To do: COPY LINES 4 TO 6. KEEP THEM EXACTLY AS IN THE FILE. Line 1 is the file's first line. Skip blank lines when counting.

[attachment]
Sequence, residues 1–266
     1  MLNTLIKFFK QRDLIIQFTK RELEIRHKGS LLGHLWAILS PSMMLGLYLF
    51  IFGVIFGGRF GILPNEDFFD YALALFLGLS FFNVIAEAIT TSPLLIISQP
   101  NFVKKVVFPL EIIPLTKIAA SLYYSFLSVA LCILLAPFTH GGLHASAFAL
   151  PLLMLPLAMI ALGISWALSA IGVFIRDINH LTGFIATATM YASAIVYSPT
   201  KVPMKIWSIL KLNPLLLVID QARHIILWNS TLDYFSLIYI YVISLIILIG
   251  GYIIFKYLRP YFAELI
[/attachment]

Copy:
   101  NFVKKVVFPL EIIPLTKIAA SLYYSFLSVA LCILLAPFTH GGLHASAFAL
   151  PLLMLPLAMI ALGISWALSA IGVFIRDINH LTGFIATATM YASAIVYSPT
   201  KVPMKIWSIL KLNPLLLVID QARHIILWNS TLDYFSLIYI YVISLIILIG